Dell Turns to Partners to Expand IoT Efforts
Officials say the vendor is combining its broad IoT portfolio with expertise from more than two dozen software makers, including Microsoft and SAP.Dell last year launched its Internet of things (IoT) business unit and rolled out its first gateway device that is designed to gather, aggregate and analyze the massive amounts of data the billions of connected, intelligent things will generate. Earlier this year, the company unveiled new embedded PCs that will further fuel its IoT ambitions. Now the company is looking to bring partners into the mix as it looks to expand its reach into a market that is expected to grow rapidly over the next few years. Cisco Systems officials expect the number of connected devices and systems worldwide to hit more than 50 billion by 2020—up from about 25 billion in 2014—and IDC analysts have said that global spending on the IoT will grow from $698.6 billion last year to almost $1.3 trillion in 2019. At an event in New York City earlier this month, Jason Shepherd, director of IoT strategies and partnerships at Dell, talked about the importance of partnerships going forward. Dell brings a lot of assets to the table, from the gateways and embedded PCs to a broad range of data center and cloud infrastructure offerings, its Boomi and Statistica data integration and analytics software, and security and management solutions. However, partnering with other vendors makes sense when talking about something as broad and far-reaching at the IoT, Shepherd said. Dell can't do everything, and partnerships can accelerate the vendor's capabilities in such areas as industrial and building automation and transportation.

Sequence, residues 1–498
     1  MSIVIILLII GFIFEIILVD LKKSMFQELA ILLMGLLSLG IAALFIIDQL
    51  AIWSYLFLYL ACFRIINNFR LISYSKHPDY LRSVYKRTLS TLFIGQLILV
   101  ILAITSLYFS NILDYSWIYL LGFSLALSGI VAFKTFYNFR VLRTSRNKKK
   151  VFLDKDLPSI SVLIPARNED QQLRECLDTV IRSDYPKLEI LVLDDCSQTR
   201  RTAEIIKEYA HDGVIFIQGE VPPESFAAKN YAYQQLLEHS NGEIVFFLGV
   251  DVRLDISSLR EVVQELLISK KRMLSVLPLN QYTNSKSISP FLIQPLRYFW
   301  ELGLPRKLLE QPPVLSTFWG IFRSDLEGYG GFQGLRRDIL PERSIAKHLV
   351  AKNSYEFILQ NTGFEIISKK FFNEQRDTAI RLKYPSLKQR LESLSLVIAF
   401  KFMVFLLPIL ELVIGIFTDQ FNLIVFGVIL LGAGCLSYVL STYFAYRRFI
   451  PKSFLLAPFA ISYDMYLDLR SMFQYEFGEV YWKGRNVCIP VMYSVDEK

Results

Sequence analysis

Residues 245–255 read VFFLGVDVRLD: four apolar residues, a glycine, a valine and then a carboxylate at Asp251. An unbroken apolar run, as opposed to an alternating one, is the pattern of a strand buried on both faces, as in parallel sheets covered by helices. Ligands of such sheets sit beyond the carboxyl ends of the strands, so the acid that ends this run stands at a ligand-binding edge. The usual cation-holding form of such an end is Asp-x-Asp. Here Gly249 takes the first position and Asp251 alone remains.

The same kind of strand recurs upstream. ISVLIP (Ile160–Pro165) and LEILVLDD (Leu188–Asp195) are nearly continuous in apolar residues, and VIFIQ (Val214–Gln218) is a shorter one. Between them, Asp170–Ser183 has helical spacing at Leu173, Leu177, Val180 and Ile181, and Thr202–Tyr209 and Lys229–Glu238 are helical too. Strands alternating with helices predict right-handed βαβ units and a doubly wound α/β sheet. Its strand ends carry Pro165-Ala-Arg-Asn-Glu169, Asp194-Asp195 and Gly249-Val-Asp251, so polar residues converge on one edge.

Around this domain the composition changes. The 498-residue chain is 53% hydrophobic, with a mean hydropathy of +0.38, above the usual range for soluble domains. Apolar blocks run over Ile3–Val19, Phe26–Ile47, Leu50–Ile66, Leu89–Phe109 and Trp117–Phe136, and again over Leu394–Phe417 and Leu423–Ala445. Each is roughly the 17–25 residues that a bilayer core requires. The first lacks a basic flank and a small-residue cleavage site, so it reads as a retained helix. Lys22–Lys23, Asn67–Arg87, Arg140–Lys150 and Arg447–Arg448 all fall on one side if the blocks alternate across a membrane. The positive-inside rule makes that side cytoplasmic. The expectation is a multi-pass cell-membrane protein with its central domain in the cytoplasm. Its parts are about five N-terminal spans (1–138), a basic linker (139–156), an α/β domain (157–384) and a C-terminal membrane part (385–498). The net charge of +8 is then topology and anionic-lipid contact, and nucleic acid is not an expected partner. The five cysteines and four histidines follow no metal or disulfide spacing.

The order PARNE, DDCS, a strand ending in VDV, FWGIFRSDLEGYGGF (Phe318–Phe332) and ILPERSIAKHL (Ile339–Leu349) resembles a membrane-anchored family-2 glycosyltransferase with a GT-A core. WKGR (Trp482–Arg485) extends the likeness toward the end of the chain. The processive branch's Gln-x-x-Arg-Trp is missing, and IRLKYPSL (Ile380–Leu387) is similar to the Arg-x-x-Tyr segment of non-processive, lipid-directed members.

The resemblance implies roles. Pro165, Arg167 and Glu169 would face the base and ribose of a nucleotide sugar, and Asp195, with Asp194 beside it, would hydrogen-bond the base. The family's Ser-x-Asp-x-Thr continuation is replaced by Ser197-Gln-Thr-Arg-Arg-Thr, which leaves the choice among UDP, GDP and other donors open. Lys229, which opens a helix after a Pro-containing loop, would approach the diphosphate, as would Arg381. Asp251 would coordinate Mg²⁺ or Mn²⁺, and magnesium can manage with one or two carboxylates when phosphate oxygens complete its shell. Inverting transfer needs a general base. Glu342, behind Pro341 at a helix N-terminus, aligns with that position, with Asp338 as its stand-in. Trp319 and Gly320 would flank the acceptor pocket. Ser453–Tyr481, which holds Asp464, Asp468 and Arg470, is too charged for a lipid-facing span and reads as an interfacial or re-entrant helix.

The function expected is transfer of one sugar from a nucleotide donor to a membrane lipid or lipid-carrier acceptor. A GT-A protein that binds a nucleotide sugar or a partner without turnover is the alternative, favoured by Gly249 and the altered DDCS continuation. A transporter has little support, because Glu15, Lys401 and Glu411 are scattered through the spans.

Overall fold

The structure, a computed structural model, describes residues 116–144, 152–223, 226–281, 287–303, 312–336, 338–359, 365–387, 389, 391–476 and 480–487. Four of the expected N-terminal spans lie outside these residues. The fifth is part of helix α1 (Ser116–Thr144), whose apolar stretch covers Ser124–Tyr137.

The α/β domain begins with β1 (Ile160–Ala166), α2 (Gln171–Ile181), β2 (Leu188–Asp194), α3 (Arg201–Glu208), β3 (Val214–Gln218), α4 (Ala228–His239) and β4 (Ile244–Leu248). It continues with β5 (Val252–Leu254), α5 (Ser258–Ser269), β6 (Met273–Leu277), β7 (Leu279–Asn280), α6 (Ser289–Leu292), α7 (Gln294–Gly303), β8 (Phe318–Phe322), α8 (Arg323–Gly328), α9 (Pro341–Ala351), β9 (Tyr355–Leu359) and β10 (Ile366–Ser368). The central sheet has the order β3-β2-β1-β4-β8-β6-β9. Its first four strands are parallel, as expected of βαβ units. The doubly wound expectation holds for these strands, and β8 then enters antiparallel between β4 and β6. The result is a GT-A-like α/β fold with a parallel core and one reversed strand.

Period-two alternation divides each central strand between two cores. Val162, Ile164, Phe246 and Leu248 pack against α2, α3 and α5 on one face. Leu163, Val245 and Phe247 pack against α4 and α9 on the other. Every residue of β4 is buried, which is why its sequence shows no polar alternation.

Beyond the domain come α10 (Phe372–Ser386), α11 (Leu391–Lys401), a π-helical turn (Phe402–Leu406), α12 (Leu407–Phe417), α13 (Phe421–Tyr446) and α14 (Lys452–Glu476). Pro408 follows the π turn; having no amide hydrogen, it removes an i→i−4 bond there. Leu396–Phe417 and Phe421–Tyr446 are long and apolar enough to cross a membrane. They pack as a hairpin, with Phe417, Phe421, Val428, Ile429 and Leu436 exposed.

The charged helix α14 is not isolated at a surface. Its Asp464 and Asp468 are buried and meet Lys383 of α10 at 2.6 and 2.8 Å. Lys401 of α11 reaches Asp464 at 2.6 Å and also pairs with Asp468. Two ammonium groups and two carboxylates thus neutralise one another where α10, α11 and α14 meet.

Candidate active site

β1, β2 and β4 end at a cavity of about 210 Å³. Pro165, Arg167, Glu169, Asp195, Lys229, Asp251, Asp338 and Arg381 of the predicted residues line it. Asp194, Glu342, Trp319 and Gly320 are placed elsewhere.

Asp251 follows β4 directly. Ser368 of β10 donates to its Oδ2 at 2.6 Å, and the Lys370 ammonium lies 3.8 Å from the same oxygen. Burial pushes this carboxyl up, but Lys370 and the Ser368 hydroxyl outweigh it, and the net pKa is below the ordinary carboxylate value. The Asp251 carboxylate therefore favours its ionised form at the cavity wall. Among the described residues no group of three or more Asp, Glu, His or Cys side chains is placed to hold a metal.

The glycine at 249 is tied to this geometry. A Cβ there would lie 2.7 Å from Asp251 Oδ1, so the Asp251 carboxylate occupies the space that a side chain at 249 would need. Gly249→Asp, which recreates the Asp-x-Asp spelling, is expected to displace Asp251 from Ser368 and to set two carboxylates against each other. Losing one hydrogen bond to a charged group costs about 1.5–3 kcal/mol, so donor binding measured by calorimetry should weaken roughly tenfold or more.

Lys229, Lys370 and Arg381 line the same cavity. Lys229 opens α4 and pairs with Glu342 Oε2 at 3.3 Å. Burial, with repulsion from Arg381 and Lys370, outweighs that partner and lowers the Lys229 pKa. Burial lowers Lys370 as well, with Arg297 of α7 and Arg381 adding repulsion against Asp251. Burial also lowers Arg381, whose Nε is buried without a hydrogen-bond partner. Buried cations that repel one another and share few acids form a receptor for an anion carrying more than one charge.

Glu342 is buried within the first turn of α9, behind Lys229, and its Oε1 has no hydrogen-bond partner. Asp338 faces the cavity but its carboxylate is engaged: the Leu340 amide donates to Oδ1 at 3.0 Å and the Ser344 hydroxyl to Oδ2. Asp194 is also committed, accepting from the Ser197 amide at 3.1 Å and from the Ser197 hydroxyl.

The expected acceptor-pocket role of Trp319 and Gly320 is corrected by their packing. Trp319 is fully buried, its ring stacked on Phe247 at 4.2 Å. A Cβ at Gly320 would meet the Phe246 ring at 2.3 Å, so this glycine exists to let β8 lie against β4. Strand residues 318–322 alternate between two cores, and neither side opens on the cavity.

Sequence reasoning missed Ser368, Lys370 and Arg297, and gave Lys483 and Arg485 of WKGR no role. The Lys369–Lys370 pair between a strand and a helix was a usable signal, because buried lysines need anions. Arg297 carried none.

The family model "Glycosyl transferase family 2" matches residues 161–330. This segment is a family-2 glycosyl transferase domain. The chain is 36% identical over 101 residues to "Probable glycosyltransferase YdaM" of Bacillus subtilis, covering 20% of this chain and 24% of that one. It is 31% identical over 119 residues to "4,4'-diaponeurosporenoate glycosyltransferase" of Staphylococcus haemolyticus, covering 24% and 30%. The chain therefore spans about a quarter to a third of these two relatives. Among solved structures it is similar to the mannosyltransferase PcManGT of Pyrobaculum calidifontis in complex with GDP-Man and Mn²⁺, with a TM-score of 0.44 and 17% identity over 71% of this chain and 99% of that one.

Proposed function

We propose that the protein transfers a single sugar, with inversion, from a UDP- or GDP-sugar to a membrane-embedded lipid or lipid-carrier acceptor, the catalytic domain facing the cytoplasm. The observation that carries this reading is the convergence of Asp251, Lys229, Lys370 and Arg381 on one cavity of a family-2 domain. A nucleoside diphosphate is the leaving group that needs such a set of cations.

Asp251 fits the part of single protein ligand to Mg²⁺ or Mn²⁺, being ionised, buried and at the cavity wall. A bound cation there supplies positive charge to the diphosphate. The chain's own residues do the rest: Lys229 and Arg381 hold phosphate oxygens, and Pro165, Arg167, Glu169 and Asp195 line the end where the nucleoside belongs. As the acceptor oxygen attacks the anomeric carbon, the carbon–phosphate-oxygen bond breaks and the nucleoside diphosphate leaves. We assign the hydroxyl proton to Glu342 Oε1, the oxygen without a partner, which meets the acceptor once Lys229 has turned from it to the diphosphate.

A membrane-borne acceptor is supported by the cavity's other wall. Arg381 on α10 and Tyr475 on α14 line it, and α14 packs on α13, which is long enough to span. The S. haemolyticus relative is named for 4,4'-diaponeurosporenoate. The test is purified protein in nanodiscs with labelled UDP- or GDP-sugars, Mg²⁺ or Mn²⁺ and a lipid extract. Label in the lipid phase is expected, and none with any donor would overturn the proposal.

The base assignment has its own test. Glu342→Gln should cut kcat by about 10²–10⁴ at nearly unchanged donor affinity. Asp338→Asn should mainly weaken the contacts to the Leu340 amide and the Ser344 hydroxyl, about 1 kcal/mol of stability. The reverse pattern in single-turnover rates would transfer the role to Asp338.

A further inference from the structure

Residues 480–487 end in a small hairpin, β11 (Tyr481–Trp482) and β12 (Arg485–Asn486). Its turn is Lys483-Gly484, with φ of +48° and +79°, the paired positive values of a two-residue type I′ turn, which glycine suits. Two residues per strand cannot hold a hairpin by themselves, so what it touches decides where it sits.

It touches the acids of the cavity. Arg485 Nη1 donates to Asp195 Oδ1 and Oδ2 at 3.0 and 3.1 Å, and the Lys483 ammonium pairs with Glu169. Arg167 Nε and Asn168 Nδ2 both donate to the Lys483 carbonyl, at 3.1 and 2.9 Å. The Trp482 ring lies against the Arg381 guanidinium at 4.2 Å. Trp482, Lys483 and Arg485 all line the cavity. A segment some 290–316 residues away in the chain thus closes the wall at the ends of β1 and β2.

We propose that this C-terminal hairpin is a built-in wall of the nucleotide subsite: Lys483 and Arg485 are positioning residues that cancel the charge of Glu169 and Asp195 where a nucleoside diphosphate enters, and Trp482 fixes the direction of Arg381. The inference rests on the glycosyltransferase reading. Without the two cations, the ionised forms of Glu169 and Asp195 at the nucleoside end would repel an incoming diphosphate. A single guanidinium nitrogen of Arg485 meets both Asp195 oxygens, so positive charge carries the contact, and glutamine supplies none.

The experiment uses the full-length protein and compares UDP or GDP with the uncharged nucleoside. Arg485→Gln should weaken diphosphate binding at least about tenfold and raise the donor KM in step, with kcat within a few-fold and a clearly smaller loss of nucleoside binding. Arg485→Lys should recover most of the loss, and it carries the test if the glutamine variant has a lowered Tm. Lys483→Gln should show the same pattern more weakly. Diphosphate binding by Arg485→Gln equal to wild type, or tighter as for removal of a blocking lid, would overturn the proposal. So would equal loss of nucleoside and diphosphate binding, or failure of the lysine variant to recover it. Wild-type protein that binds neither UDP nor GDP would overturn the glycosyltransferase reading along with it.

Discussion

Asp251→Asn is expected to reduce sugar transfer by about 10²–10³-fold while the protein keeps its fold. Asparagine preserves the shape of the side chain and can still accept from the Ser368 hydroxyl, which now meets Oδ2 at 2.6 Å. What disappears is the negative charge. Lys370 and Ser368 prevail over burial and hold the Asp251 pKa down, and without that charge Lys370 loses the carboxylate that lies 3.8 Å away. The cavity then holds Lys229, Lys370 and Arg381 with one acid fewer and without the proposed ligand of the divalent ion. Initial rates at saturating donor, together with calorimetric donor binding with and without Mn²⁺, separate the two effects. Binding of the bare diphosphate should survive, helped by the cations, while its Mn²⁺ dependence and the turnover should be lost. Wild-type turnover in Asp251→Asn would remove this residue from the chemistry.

With that in mind, the vendor has now launched its IoT Solutions Partner Program, which is designed to bring together an array of independent software vendors (ISVs) with Dell's own IoT portfolio of products to give customers the tools they need to find their way in what Dell officials call a highly fragmented IoT market.